Saturday 5 January: We were away at first light to get through the Shrewley Tunnel and the 21 locks of the Hatton flight; also to meet up with Pete who was picking up John and Clive to take them back to Stourport-on-Severn to collect their car and then return home. This was easier than I had expected and liaised easily at the Hatton Bottom Lock at 1245hrs. This left Nick, Clive and myself to carry on through Warwick and Royal Leamington Spa. We finally moored up for the night at the bottom of Bascote Locks, which are due to close on Monday 7th January. I am very pleased with our progress, but it is touch and go if we get through the next stoppage tomorrow, Sunday. We shall see. Poor internet connection as we are in the sticks - photos to follow later.

Sunday 6 January: Left bottom of Bascote Locks at 0800hrs; light was just building and we could see all the equipment in place ready for the closure on Monday. Today proved a very long day as we were trying to beat the 7th January stoppages/closures. We had to be below Buckby Flight bottom lock by nightfall. This entailed motoring non-stop all day, navigating Napton Junction, Braunston turn and its flight of locks, plus its tunnel, 2042 yds long, Norton Junction, and the Buckby Lock flight: in total about 30 locks in 15 miles. We landed up going through the last lock at 1715hrs in the dark, with headlight on, trying to find a suitable mooring - just after the lock, behind a CRT tug, presumable ready for the closure the next day. Phew! Time to relax as the time pressure is off.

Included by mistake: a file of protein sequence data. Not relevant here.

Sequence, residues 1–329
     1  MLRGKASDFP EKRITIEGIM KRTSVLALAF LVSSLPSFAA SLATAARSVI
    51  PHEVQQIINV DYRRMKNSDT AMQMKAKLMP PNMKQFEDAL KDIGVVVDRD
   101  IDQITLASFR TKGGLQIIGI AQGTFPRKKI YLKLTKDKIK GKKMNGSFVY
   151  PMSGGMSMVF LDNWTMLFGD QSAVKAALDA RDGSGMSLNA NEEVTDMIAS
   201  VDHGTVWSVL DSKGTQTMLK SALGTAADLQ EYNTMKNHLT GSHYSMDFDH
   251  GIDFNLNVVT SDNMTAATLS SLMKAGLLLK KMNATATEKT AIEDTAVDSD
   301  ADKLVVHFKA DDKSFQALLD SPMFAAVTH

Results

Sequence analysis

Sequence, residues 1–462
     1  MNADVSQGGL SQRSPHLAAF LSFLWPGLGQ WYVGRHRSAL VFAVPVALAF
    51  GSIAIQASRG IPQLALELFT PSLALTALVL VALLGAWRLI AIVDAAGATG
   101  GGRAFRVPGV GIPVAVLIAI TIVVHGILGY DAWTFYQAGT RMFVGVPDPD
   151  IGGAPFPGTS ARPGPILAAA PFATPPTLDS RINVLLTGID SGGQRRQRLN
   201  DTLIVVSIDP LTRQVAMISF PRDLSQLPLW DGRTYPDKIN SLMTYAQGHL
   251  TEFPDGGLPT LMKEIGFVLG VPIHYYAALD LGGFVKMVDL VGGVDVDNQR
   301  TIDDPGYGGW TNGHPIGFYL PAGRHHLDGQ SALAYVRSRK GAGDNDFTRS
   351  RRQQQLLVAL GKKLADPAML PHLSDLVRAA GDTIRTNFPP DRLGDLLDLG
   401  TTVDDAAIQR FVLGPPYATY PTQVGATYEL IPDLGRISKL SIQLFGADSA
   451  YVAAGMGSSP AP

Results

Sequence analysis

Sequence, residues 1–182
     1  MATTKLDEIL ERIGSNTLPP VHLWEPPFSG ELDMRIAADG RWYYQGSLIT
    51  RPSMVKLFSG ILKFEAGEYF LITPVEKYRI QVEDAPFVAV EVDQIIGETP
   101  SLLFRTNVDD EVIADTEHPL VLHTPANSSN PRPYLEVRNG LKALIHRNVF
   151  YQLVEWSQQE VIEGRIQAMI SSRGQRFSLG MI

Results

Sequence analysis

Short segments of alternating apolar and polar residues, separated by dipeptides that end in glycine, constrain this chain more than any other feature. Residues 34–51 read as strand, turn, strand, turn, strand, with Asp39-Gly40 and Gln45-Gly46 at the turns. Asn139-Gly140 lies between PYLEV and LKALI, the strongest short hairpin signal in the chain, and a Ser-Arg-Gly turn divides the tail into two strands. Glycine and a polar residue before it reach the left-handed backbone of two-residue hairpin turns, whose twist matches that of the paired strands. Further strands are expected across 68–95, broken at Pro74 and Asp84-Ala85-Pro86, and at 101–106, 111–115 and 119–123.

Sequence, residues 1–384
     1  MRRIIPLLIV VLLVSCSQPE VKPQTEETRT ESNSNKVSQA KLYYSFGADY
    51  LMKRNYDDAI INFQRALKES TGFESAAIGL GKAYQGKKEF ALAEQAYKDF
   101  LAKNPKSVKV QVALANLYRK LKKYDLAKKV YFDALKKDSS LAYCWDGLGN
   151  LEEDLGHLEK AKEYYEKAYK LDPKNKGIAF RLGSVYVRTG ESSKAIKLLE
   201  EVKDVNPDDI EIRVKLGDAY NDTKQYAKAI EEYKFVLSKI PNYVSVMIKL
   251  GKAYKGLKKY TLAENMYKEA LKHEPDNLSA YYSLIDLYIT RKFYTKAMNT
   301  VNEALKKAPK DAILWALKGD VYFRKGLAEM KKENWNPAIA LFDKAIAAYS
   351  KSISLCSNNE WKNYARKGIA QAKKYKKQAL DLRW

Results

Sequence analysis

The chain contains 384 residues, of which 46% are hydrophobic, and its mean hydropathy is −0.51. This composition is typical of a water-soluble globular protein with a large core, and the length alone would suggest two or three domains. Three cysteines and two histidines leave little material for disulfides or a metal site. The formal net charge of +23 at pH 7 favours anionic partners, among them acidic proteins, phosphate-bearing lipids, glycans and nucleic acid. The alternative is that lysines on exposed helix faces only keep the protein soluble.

Monday 7 January: Stoppages are now behind us [except for Marsworth, but we shall see about that one]. A leisurely start to the day; away by 0915hrs [ish] having sat down to breakfast, rather than having it in shifts. Also stopped for lunch for one of Nick's fry ups - not had time before. What a relaxing day! Pickle's Folly got a sweep and a mop through - all nice and clean inside. Ronnie the dog got a brush, much to his disgust. Only made it to Blisworth after 12 miles and no locks: yes, no locks. Thought it would be good to have some pub food in the Royal Oak, but they haven't any food today!! Had a quick drink and back to Pickle's Folly to warm up a vegetarian lasagne - very good. Clive has finished the washing up and its time for bed. Tomorrow is the big Blisworth tunnel; at 3075yds it's the third longest in Britain. Then 8 locks and Milton Keynes.